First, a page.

Tuesday, July 13, 2010

Yellowstone & Bozeman

If it weren't for the winter, I could live in Montana for a lifetime.
Where to begin?.... We’ve done sooooo much it’s hard to believe there is still more to see and that we’ll be able to muster up enough energy to see it. Yesterday our house crossed the Continental Divide. No small task for a man of the swamps to maneuver a bus over the tallest mountain range in the country. There were some white knuckles and a few “Holy *&%#”, but we made it. Rather, Torben made it; I was just the ancillary cheerleader (I think I actually gave a few spirit fingers on the way down).
We spent the last week and a half in Bozeman, Montana. Bozeman has to be one of the most livable cities in the country, at least by our standards. Home to 10,000 hippies and 20,000 dogs, it was awesome! It is truly the only town that hosts as many dog parks as kiddie parks. HEAVEN! We spent our days roaming around with our heads looking up and our mouths agape just in awe of the mountains. The first day we pulled into our site a fellow camper showed us through binoculars a herd of 90 elk roaming over the hills. Can you say AWESOME?! This was the view from our campground:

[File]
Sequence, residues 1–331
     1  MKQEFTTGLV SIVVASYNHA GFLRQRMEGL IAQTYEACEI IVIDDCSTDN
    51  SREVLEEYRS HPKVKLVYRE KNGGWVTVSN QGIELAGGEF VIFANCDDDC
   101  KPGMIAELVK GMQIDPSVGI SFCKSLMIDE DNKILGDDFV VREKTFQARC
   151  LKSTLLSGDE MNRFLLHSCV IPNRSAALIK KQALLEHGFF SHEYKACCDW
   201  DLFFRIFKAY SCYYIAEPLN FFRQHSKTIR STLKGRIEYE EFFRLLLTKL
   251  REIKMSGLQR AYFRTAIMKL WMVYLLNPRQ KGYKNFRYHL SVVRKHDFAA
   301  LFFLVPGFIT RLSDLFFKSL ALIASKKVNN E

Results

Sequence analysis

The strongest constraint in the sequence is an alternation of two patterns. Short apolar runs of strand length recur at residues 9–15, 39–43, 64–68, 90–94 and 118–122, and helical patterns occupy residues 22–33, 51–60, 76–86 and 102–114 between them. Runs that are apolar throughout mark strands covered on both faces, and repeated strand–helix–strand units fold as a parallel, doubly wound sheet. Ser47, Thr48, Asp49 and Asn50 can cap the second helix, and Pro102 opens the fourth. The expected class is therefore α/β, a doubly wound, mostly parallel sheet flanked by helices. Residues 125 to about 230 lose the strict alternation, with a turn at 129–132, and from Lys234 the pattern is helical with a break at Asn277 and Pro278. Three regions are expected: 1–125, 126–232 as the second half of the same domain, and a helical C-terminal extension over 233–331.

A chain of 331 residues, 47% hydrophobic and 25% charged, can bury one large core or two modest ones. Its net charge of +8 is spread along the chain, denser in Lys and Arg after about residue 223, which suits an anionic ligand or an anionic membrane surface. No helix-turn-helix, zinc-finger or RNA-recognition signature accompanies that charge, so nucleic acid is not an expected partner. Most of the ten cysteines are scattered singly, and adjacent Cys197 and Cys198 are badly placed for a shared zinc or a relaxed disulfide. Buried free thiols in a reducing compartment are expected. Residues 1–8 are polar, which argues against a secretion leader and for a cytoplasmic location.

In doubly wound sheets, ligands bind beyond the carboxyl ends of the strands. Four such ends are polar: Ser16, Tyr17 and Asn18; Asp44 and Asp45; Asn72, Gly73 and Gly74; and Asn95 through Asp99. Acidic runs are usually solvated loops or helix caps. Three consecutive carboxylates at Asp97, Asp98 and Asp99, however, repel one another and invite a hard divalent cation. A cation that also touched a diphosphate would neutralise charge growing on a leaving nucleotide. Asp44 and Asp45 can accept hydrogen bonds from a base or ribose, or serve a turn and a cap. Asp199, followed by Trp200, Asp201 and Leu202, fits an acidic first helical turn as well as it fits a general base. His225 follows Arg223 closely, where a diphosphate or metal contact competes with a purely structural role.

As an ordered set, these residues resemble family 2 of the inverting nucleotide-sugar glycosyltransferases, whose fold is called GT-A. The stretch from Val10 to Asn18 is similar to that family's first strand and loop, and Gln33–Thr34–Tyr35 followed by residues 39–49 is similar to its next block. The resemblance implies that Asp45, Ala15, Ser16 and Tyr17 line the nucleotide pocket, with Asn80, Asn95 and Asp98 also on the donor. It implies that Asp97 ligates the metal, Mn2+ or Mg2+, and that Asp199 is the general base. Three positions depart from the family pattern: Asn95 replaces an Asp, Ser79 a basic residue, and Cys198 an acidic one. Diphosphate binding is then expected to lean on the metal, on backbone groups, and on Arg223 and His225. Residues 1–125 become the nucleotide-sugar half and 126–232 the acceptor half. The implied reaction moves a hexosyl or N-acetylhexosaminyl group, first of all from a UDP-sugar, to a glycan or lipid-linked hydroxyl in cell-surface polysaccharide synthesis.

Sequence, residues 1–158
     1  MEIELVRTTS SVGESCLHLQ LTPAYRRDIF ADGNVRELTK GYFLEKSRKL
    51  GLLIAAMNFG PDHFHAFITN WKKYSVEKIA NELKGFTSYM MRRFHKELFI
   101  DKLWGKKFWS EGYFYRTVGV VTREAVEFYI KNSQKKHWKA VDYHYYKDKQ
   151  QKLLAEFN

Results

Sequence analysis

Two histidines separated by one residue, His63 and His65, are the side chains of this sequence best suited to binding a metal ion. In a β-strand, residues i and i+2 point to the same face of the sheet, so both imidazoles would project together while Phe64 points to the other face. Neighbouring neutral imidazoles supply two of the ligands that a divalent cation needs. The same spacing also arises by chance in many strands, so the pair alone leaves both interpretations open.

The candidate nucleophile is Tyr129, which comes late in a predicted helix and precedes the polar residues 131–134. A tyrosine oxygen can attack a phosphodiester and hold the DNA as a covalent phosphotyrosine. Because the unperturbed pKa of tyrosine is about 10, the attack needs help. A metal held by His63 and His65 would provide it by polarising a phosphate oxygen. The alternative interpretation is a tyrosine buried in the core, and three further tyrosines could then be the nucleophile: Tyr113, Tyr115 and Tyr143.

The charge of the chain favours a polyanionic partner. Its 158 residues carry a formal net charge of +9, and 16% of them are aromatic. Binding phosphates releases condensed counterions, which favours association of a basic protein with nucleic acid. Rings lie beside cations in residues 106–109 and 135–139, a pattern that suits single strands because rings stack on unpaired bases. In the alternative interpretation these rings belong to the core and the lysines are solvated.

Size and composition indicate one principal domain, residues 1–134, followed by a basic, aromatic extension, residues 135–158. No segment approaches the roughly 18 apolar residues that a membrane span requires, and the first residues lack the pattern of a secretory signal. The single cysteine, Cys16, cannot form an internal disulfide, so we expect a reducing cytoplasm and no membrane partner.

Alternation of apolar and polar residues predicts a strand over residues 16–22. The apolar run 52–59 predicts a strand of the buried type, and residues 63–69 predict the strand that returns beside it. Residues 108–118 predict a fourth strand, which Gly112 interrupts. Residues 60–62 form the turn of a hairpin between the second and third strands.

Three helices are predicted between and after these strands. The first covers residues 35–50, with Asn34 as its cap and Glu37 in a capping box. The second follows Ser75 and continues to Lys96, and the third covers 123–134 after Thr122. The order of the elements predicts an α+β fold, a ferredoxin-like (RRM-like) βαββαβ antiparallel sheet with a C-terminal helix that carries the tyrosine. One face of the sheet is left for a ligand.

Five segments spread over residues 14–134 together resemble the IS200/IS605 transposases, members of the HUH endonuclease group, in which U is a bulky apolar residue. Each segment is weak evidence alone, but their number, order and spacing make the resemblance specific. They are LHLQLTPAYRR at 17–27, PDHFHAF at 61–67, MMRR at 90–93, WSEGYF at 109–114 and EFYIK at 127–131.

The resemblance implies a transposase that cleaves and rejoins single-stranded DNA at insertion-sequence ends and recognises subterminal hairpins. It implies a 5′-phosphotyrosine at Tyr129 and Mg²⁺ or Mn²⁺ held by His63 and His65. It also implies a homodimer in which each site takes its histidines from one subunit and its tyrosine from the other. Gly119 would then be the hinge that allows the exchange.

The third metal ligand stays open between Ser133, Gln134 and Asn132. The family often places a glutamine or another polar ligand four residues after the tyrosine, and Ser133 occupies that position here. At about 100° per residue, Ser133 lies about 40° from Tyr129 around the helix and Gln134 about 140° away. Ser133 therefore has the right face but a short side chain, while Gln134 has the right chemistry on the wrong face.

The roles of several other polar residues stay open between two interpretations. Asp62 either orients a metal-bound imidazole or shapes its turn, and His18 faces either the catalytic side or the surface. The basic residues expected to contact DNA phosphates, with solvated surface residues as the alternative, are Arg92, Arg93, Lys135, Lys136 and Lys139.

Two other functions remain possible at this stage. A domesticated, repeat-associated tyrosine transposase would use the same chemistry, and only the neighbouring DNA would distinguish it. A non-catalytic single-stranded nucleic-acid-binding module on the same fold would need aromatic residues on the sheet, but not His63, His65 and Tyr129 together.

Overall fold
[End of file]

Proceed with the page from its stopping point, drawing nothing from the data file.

(Gosh, doncha just feel so sorry for us?)
They are so friendly and accommodating in Bozeman that Wal-Mart has the first five rows of parking behind the handicapped spaces dedicated to “senior parking”. If you know Torben and his driving/parking quirks, you know he will search for 20 minutes for the” best” (closest) spot. As we pulled in he did the usual drive-by scout-out and eventually succumbed to a space further out. “I guess this is middle age parking,” he jested. I thought that was totally funny until I realized he was including me in that! (OH, the horror!)
Life has really changed for us. We were driving down the road the other day and Torben laughed out loud, catching himself doing 45 miles per hour, on the highway, not in the RV, in the Honda! I know, hard to believe. I’ve actually been able to relax my grip of the O.S. handle
(I said relax, not remove).
I’d like to thank our dear friend Carson Robinson for some valuable pre-trip advice. He said “Remember, the people you meet today won’t know what you wore yesterday.” God bless you Carson for totally getting it. It is true that life on the road allows for a little more, shall we say, leniency in our grooming and presentation. Many of you may have noticed by the pictures that Torben is freeing himself by letting the 20 years of lawyer in his hair grow out. It’s a little unruly, but it keeps us entertained trying to find a way to style it (we are taking suggestions). Just now he scratched is head and pulled out some leaves and a twig. Souvenirs? We’ve also been experimenting with how long one can stretch out a shower. I won’t freak you city folks out, but let’s just say, it’s impressive and probably not in a good way. Thus, Carson’s advice is well played in our lifestyle. Long live febreeze. Torben is a little fearful that we will end up in one of those Wal-Mart emails full of freaky dressed (and undressed) individuals.
I told him there is a possibility we already are!
Keeping ourselves entertained is not hard.
HELLO, we’ve been living with Yellowstone National Park in our backyard!